Non Slip Mono Knot

Seminar by Fish Alaska’s George Krumm

Non-slip loop knot is used to tie lures or flies to leader material. It can also be used to tie on hooks to be used with tube flies.

The non-slip loop knot is the knot to use if you want to maximize the movement of a fly or lure. The loop allows much more freedom of movement to the lure or fly than a knot that cinches down tight to the eye of the hook. You may ask, does it really make a difference? The answer is a definitely yes!

Case in point: The Publisher (Marcus), a friend of ours, and I were fishing a lake known to produce nice rainbows during the peak of the chironomid hatch. Marcus and I used the non-slip loop knot to tie on our chironomid pupa imitations. We explained to our buddy, who was no stranger to stillwater flyfishing, that he should do so, too. He scoffed at the suggestion, saying he’d caught plenty of stillwater trout on pupa imitations using the improved clinch knot. As it turned out, he had a very long day. At the end of it, Marcus and I had tallied a couple dozen rainbows. Our friend? Zero. Not a single fish. The only difference known difference between what he was doing and what we were doing was the non-slip loop knot.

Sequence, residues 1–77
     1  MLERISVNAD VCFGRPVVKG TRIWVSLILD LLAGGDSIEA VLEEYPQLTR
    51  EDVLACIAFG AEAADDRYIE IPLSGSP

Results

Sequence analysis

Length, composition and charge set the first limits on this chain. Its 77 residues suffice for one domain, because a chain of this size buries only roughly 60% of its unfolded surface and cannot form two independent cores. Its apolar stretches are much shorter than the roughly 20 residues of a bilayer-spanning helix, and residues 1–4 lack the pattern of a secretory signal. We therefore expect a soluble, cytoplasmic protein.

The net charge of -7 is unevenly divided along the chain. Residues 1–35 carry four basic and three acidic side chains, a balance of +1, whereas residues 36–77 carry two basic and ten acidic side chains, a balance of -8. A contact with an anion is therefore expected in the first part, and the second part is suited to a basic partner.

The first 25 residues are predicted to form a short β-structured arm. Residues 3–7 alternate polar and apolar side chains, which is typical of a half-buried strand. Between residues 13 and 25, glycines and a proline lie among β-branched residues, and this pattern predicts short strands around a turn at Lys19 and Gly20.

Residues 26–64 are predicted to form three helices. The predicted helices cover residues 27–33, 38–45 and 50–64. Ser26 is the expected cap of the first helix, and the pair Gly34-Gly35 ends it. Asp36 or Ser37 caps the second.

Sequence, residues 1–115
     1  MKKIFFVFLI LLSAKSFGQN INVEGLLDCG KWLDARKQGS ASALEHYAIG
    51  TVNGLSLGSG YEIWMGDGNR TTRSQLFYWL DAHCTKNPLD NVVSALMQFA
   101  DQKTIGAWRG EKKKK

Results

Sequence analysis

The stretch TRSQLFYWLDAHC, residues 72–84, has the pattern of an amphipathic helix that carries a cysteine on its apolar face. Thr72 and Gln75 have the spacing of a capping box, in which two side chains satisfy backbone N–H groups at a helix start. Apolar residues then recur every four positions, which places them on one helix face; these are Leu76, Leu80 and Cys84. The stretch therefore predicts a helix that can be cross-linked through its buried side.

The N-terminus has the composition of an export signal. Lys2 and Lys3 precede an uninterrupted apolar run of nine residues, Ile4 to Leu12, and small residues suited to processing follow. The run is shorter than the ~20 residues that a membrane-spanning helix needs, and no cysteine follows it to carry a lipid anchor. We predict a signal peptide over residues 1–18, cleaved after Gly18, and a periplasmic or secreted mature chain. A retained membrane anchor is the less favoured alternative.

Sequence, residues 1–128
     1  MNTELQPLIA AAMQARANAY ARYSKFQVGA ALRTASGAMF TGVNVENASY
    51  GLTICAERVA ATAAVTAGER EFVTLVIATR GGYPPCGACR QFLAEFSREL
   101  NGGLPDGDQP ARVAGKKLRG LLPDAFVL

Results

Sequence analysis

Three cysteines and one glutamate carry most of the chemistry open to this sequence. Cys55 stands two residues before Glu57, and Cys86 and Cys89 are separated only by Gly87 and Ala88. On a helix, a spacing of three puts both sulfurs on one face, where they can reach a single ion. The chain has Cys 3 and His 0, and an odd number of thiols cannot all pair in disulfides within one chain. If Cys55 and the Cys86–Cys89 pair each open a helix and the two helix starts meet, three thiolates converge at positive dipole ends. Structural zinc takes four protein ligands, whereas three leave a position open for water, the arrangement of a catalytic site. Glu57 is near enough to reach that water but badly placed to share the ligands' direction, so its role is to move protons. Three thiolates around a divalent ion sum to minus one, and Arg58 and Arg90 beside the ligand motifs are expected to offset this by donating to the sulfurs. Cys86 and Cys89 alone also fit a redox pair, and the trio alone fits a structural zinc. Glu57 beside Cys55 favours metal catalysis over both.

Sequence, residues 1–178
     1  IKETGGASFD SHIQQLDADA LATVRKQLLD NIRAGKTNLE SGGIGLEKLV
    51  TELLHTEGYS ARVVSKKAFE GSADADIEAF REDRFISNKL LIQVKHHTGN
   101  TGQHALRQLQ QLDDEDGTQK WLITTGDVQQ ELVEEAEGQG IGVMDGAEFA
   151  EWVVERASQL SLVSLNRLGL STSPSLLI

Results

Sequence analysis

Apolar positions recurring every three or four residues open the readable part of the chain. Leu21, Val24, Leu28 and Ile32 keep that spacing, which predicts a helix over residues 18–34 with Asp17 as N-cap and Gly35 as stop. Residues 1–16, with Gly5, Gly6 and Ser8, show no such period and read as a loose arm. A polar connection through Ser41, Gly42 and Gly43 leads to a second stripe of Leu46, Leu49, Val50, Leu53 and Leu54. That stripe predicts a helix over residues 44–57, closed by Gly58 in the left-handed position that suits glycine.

Flies aren’t the only thing we use this knot for. We also use if for jigs under a bobber, twitching jigs, thin-bladed spoons like Coho Killers in saltwater, and more. It’s strong, easy to tie with both monofilament or fluorocarbon, and you can vary the size of the loop to your preference. We like to tie the loop very small for small flies or lures, but it can be bigger for things like spoons or twitching jigs.

As with all knots that can create friction when tightening, lubricate this knot before you cinch it down. With the non-slip loop knot, you tighten it by pulling on the tag end only at first. This preserves the size of the loop. After the knot is relatively tight, then you can pull on the standing portion to fully seat the knot. And that is how you tie the non slip mono knot.